A girl wearing a traditional costume shelters herself from the rain during a religious ceremony outside a temple in the village of Suan Mon near Udon Thani in northeastern Thailand June 25, 2011. Regional leaders of Thailand’s red-shirt protest movement held a traditional Buddhist ceremony to launch 38 villages to be designated as the “Red Shirt Village of Democracy”. The red shirts, supporters of ousted premier Thaksin Shinawatra, have been branding hundreds of villages as red to rally behind Thaksin’s sister, Yingluck, who is leading the opposition ahead of July 3 general elections.   REUTERS/Damir Sagolj

As China’s premier Wen Jiabao travels in Europe, at home dissident Ai Weiwei was released from jail and David Gray made his way quickly to his studio to catch the artist returning home. I love the mircrophones and arms leading into the picture only to find that the terms of his release prevent him from making any comment. I am sure other subjects on the agenda as Wen travels in Europe would include China’s industrial pollution and the flooding that has killed more than 100 people. Both beautifully photographed by Darley Wong.

Dissident Chinese artist Ai Weiwei waves from the entrance of his studio after being released on bail in Beijing June 23, 2011. Ai, detained since April, was released on bail on Wednesday, state media said, citing Beijing police. The agency, in a late evening announcement, said the artist had been freed “because of his good attitude in confessing his crimes as well as a chronic disease he suffers from”. Ai was detained at Beijing airport on April 3, igniting an outcry about China’s tightening grip on dissent, which has triggered the detention and arrest of dozens of rights activists and dissidents.    REUTERS/David Gray

Students in graduation robes stand on a stone bridge submerged underwater at the flooded Donghu Lake in Wuhan, Hubei province, June 21, 2011. Torrential rain across southern and eastern China which has killed more than 100 people and triggered the evacuation of half a million has left large areas of farmland devastated as food prices surge, state media said on Sunday. REUTERS/Darley Wong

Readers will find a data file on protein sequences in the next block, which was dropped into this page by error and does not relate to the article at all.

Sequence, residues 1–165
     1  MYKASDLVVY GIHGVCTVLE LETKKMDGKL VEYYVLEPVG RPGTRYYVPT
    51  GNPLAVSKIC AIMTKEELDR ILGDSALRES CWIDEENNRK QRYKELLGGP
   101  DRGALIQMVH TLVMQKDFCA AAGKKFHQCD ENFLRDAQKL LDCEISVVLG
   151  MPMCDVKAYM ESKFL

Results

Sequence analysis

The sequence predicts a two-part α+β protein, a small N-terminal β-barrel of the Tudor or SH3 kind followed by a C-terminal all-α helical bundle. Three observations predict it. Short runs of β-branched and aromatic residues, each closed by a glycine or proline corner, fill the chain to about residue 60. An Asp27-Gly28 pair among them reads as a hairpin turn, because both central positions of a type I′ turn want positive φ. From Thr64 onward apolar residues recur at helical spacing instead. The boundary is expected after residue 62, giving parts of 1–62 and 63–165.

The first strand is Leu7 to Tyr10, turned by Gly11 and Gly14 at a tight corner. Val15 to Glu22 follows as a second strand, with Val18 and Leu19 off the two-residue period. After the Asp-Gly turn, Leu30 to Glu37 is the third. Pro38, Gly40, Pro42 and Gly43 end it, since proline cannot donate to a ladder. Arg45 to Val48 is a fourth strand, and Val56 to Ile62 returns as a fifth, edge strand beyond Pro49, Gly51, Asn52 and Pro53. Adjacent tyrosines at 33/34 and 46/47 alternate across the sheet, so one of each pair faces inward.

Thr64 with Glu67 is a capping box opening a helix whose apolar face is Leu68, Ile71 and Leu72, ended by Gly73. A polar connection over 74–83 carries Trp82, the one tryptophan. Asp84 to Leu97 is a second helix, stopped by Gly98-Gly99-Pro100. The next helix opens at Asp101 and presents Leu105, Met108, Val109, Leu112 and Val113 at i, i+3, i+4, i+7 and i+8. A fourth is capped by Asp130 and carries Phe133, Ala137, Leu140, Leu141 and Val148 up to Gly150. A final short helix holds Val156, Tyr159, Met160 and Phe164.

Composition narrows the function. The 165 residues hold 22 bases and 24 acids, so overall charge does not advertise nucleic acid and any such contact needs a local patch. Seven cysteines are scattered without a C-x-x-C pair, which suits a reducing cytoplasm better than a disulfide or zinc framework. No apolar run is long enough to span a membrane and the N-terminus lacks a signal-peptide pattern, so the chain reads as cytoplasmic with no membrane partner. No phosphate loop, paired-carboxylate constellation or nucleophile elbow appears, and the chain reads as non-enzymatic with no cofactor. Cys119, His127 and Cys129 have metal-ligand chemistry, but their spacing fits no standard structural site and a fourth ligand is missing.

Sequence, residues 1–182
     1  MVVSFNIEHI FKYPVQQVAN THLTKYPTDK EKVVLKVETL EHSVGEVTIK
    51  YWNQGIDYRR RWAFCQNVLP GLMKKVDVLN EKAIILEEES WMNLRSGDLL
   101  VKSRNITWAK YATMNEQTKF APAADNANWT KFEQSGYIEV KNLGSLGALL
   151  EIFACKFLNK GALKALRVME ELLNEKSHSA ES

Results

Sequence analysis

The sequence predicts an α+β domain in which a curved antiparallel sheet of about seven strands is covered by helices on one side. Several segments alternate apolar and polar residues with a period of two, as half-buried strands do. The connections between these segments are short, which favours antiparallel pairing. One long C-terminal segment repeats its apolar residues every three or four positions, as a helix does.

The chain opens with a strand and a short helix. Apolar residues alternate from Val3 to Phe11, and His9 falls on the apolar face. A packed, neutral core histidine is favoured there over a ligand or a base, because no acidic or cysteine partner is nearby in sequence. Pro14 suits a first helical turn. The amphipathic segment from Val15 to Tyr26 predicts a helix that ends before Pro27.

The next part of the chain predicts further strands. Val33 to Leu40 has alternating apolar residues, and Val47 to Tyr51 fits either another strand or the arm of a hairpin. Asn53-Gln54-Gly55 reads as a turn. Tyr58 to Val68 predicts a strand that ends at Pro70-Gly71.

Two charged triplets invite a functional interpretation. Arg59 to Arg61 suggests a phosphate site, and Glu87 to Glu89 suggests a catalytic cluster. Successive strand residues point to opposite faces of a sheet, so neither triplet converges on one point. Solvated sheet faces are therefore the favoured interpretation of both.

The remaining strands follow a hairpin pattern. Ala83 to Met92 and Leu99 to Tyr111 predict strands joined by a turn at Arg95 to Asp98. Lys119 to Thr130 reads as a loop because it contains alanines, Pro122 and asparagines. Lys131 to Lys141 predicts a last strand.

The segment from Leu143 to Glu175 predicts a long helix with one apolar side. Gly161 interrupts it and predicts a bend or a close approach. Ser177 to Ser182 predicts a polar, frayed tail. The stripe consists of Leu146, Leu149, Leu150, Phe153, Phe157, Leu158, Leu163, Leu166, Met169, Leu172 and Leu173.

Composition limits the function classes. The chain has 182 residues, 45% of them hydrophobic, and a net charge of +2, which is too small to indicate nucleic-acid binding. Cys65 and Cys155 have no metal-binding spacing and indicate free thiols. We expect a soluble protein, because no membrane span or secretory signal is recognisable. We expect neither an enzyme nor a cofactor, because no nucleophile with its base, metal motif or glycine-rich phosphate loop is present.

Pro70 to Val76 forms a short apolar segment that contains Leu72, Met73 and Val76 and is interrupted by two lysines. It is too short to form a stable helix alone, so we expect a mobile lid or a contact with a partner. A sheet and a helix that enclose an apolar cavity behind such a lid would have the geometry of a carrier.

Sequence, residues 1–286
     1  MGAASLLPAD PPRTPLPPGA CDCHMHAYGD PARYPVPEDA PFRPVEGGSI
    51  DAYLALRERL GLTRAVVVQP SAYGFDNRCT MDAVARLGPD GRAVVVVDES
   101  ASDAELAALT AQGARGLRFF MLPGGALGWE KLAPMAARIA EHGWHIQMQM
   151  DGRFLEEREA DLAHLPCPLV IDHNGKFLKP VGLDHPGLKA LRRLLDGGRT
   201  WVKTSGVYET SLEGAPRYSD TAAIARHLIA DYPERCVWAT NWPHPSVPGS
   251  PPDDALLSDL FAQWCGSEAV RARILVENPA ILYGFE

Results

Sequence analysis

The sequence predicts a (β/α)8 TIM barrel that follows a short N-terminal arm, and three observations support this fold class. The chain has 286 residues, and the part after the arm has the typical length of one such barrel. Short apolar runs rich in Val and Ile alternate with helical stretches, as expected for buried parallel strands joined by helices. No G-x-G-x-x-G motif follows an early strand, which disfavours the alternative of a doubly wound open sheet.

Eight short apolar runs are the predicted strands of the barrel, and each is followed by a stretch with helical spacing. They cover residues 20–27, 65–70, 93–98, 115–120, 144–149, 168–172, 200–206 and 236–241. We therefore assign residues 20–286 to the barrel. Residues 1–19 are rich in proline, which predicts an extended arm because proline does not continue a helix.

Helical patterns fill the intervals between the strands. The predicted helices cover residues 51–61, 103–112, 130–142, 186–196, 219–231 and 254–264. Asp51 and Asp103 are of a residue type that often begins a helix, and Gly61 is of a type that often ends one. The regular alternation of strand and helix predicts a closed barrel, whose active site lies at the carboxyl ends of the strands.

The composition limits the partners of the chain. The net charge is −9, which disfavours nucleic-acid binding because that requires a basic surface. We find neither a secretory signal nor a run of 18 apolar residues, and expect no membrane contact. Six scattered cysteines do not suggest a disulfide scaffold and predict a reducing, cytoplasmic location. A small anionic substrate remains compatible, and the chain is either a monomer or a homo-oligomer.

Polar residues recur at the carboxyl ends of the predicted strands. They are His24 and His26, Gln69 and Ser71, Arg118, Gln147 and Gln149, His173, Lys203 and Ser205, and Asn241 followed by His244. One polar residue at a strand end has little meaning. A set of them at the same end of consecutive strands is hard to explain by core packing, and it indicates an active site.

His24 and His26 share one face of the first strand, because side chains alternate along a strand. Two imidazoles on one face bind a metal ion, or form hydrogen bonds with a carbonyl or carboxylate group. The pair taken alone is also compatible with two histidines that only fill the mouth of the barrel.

A fisherman holds his fishing net in his mouth in a polluted river in Wuhan, Hubei province June 21, 2011. More than half of China’s cities are affected by acid rain and one-sixth of major rivers are so polluted the water is unfit even for farmland, a senior official said in a bleak assessment of the environmental price of the country’s economic boom.  REUTERS/Darley Wong

Indonesia is also struggling with pollution and Beawiharta produced a well-observed image of  rubbish being cleared from the rivers of Jakarta alongside a picture of swimmer in clear blue waters put into the river by an artist.  In neigbouring Malaysia Bazuki Muhammad has been working on a story about illegal logging.

A picture of a man swimming is seen on a polluted river as a worker collects rubbish from a bamboo raft beside it, in Jakarta June 22, 2011. Indonesian artist Fanny Octavianus placed a picture of a man swimming on a polluted river in protest against the pollution of the river in the capital, to mark the 484th anniversary of the city today. REUTERS/Beawiharta

Illegal loggers load the wood they cut from a mangrove forest before they are detained by Malaysia’s state of Selangor Forestry Department in Port Klang outside Kuala Lumpur June 22, 2011. Selangor lost 100 million ringgit ($33 million) worth of logs to illegal logging over the last 10 years, The Star online reported quoting the state chairman of the environment committee. Picture taken June 22, 2011. REUTERS/Bazuki Muhammad

One of the hardest assignments is to make news conference and business pictures look visually stimulating. Harder still when the venue for the business summit is your own office. I am filled with admiration at the hard work and craftsmanship displayed by the team in Japan when they covered a Reuters summit on the subject of rebuilding Japan.  The team would have had only have minutes if not seconds with each CEO who came into the office to participate in the summit. The success of the preplanning is obvious in the pictures and in a separate blog, “having fun in the office” by Kim Kyung-Hoon.  It isn’t only the team in Japan that has mastered this skill – have a look at the pictures from Seoul-based Jo Yong-Hak and Sydney-based Tim Wimborne.

Seven & I Holdings President and COO Noritoshi Murata is seen through windows as he poses for a picture before the Reuters Rebuilding Japan Summit in Tokyo June 22, 2011. The Reuters Rebuilding Japan Summit, held June 20-22 in Tokyo, features more than 20 CEOs, government officials and other senior executives discussing the outlook for Japan and how it can bounce back from the crisis. REUTERS/Toru Hanai

Toyota Motor Corp. Executive Vice President Yukitoshi Funo poses for a picture before the Reuters Rebuilding Japan Summit in Tokyo June 22, 2011. The Reuters Rebuilding Japan Summit, held June 20-22 in Tokyo, features more than 20 CEOs, government officials and other senior executives discussing the outlook for Japan and how it can bounce back from the crisis. REUTERS/Toru Hanai